he's trying to convince the muslim brotherhood and islamists to come back in the political process. that is a hard sell. you're trying to convince them the first time around democracy didn't work, it was ousted, but come back into the mix we'll give it another shot. they're not buying it. they feel even if they win the next round of elections they will be ousted once again. people on the streets are extremely anxious and losing more confidence by the day in the institutions of the state with the exception of the military. it's polarized egypt in a very negative way. >> amman, quickly, want to ask you about this report that multiple staffers have resigned from al jazeera's egyptian channel over their concerns they say that the network's coverage has been biased in favor of the muslim brotherhood. what are you hearing on that? >> that's correct. at least 22 staffers working for that channel which is kind of the equivalent of an like a an egypt c-span run by al jazeera resigned yesterday because they felt over the course of the last several months under the muslim brotherhood rule al jazeera was not accurately portraying what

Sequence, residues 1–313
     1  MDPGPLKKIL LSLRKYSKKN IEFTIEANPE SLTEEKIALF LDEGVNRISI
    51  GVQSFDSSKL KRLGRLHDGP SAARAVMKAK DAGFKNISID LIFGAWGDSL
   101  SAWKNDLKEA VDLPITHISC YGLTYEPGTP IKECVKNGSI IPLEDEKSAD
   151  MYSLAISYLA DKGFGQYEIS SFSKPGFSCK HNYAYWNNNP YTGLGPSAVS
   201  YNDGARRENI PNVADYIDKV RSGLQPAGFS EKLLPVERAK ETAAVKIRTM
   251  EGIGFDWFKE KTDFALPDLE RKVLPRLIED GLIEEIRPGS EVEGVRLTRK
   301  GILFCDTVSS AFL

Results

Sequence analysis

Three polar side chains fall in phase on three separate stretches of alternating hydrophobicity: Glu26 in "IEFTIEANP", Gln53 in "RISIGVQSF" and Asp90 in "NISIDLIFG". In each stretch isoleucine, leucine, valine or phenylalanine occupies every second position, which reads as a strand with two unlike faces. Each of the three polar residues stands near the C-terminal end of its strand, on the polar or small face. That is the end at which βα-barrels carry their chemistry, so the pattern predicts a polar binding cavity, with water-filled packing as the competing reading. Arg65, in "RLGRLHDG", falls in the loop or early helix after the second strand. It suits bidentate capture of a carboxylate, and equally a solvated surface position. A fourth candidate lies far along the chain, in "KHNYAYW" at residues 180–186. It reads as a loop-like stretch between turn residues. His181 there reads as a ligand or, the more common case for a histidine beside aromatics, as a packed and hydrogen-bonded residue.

was happening on the streets. it was being biased in describing protein testers and not representing both sides of the story. yesterday they resigned in mass and more importantly actually here in cairo at a press conference for the military and police an al jazeera reporter was forced out by other journalists that felt that the presence of that reporter was not fair, was not accurate and so they forced that reporter to get up and leave the press conference. so some are looking at it from the sense of politics but also from an expression point of view and freedom of media. there are human rights activists expressing concern there's a crackdown against al jazeera and other satellite channels here. a lot of developments happening in the media worlds as well. >> ayman mohyeldin in cairo, hope today is more peaceful than yesterday. thanks so much. sam stein, your thoughts on egypt here. hard to see how these groups come together when they're being shot in the street by the in illtry. >> yeah. it's a hot mess. i mean there's very little chance of political reconciliation in the interim. i read a report this morning